parseInt('012') == 10  // in some older browsers
parseInt('012', 10) == 12

And that can really mess up your calculations.

Conditional assignment

For conditional assignment, Python and JavaScript have different syntaxes, but conditional assignments are quite popular in both languages. That's popular, because it's just a single statement to have a condition checking, the true-case value, and the false-case value.

Since Python 2.7 you can write conditional assignments like this:

value = 'ADULT' if age >= 18 else 'CHILD'

In JavaScript conditional assignments are done using ternary operator ?:, similar to the ones in C, C++, C#, Java, Ruby, PHP, Perl, Swift, and ActionScript:

value = age >= 18? 'ADULT': 'CHILD';

Object attribute value by attribute name

The normal way to access an object's attribute is by the dot notation in both, Python and JavaScript:

obj.color = 'YELLOW'

But what if you want to refer to an attribute by its name saved as a string? For example, the attribute name could be coming from a list of attributes or the attribute name is combined from two strings like 'title_' + lang_code.

For that reason, in Python, there are functions getattr() and setattr(). I use them a lot.

attribute = 'color'
value = getattr(obj, attribute, 'GREEN')
setattr(obj, attribute, value)

In JavaScript you can treat an object like a dictionary and pass the attribute name in square brackets:

attribute = 'color';
value = obj[attribute] || 'GREEN';
obj[attribute] = value;

To retrieve a default value when an object has no such attribute, in Python, getattr() has the third parameter. In JavaScript, if obj attribute doesn't exist, it will return the undefined value. Then it can be OR-ed with the default value that you want to assign. That's a common practice in JavaScript that you can find in many JavaScript libraries and frameworks.

Dictionary value by key

This is similar to the previous one. The normal way to assign a dictionary's value by key in both languages is using the square brackets:

dictionary = {}
dictionary['color'] = 'YELLOW'

To read a value in Python you can use the square-bracket notation, but it will fail on non-existing keys with KeyError. The more flexible way is to use the get() method which returns None for non-existing keys. Also you can pass an optional default value as the second parameter:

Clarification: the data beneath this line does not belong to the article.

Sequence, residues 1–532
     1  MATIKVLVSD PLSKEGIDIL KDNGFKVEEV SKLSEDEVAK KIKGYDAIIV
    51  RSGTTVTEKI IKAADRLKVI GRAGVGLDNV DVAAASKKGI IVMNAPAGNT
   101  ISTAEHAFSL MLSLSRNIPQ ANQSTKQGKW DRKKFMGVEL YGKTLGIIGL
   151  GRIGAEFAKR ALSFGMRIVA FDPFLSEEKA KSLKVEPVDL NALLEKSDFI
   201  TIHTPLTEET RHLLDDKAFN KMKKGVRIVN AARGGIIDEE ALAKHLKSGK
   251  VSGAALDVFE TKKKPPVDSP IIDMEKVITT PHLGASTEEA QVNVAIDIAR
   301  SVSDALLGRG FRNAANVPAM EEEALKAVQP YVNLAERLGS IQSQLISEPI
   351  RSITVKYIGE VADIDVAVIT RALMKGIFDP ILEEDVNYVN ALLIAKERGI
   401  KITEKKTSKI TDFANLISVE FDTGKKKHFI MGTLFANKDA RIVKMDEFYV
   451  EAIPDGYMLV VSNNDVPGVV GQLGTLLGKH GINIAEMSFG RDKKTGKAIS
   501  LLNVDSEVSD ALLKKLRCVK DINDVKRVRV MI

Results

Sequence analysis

key = 'color'
value = dictionary.get(key, 'GREEN')

In JavaScript you would use the same trick as with object attributes, because dictionaries and objects are the same there:

key = 'color';
value = dictionary[key] || 'GREEN';

Slicing lists and strings

Python has the slice [:] operator to get parts of lists, tuples, and similar more complex structures, for example Django QuerySets:

items = [1, 2, 3, 4, 5]
first_two = items[:2]      # [1, 2]
last_two = items[-2:]      # [4, 5]
middle_three = items[1:4]  # [2, 3, 4]

In JavaScript arrays have the slice() method with the same effect and similar usage:

items = [1, 2, 3, 4, 5];
first_two = items.slice(0, 2);     // [1, 2] 
last_two = items.slice(-2);        // [4, 5]
middle_three = items.slice(1, 4);  // [2, 3, 4]

But don't mix it up with the splice() method which modifies the original array!


The [:] slice operator in Python also works for strings:

text = 'ABCDE'
first_two = text[:2]      # 'AB'
last_two = text[-2:]      # 'DE'
middle_three = text[1:4]  # 'BCD'

In JavaScript strings just like arrays have the slice() method:

text = 'ABCDE';
first_two = text.slice(0, 2);    // 'AB'
last_two = text.slice(-2);       // 'DE'
middle_three = text.slice(1, 4); // 'BCD'

Operations with list items

In programming it is very common to collect and analyze sequences of elements. In Python that is usually done with lists and in JavaScript with arrays. They have similar syntax and operations, but different method names to add and remove values.

This is how to concatenate two lists, add one value to the end, add one value to the beginning, get and remove a value from the beginning, get and remove a value from the end, and delete a certain value by index in Python:

items1 = ['A']
items2 = ['B']
items = items1 + items2  # items == ['A', 'B']
items.append('C')        # ['A', 'B', 'C']
items.insert(0, 'D')     # ['D', 'A', 'B', 'C']